Brief interventions during routine care reduce alcohol use among men with HIV.
Among the more than 1 million people in the US living with HIV, 19 percent meet the criteria for an alcohol use disorder. The consequences can be severe, with heavy drinking associated with increased liver disease, greater engagement in risky sexual behavior, lower adherence to antiretroviral therapy, and greater risk of death.
Men who have sex with men (MSM) comprise nearly half of the country’s HIV patients and show relatively high rates of alcohol use disorders, but little research has been conducted to identify the most effective ways to reduce drinking in MSM living with HIV.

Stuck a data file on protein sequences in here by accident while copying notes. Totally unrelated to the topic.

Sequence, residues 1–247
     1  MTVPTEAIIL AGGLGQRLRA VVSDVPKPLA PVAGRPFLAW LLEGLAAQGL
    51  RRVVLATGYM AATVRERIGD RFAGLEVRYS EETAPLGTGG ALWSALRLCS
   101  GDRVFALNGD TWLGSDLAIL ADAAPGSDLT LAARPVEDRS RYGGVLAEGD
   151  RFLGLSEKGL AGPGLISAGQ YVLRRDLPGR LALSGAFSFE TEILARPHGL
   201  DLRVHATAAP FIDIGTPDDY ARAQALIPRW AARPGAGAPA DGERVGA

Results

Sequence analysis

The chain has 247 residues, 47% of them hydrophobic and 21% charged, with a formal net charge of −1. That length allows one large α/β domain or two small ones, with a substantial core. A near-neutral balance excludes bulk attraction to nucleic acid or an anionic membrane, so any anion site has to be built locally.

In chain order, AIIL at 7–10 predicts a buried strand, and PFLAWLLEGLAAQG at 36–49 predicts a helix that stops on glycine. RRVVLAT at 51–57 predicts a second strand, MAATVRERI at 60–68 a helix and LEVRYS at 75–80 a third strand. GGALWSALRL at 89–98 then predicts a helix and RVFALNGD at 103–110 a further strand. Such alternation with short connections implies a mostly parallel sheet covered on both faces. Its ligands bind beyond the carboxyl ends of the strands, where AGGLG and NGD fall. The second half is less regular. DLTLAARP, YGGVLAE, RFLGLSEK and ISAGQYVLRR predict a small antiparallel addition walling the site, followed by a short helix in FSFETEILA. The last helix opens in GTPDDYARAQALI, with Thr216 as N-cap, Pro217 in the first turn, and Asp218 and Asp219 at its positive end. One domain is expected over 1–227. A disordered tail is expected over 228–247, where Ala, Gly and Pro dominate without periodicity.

Yet a new study by researchers from the Brown School of Public Health, Center for Alcohol and Addiction Studies, and Warren Alpert Medical School, published in the Journal of Consulting and Clinical Psychology, finds that a simple intervention using a technique called “motivational interviewing” during routine HIV care can have strong and lasting effects. Compared to treatment as usual, MSM exposed to the intervention and a few brief follow-up sessions reported fewer drinks per week, fewer days of heavy drinking, and less condomless sex over one full year.
The researchers say the need to address heavy drinking among MSM with HIV is pressing and that the reductions in alcohol use they saw among participants were considerable.
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